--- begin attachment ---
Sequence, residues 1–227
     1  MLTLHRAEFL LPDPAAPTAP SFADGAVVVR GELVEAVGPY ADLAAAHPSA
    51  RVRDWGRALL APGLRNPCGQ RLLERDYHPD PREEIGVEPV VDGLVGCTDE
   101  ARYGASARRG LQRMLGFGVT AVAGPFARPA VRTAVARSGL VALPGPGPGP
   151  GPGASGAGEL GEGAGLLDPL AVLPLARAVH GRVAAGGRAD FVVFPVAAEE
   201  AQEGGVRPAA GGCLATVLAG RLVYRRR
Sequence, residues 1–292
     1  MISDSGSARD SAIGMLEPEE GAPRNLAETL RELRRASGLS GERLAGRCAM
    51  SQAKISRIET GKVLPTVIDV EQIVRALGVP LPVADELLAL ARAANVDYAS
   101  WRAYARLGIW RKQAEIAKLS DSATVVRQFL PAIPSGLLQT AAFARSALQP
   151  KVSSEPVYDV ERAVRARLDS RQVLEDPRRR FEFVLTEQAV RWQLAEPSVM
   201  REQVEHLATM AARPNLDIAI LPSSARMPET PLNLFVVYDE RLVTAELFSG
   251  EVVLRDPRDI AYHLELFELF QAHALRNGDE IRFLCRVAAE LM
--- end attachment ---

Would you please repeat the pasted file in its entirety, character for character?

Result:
Sequence, residues 1–227
     1  MLTLHRAEFL LPDPAAPTAP SFADGAVVVR GELVEAVGPY ADLAAAHPSA
    51  RVRDWGRALL APGLRNPCGQ RLLERDYHPD PREEIGVEPV VDGLVGCTDE
   101  ARYGASARRG LQRMLGFGVT AVAGPFARPA VRTAVARSGL VALPGPGPGP
   151  GPGASGAGEL GEGAGLLDPL AVLPLARAVH GRVAAGGRAD FVVFPVAAEE
   201  AQEGGVRPAA GGCLATVLAG RLVYRRR
Sequence, residues 1–292
     1  MISDSGSARD SAIGMLEPEE GAPRNLAETL RELRRASGLS GERLAGRCAM
    51  SQAKISRIET GKVLPTVIDV EQIVRALGVP LPVADELLAL ARAANVDYAS
   101  WRAYARLGIW RKQAEIAKLS DSATVVRQFL PAIPSGLLQT AAFARSALQP
   151  KVSSEPVYDV ERAVRARLDS RQVLEDPRRR FEFVLTEQAV RWQLAEPSVM
   201  REQVEHLATM AARPNLDIAI LPSSARMPET PLNLFVVYDE RLVTAELFSG
   251  EVVLRDPRDI AYHLELFELF QAHALRNGDE IRFLCRVAAE LM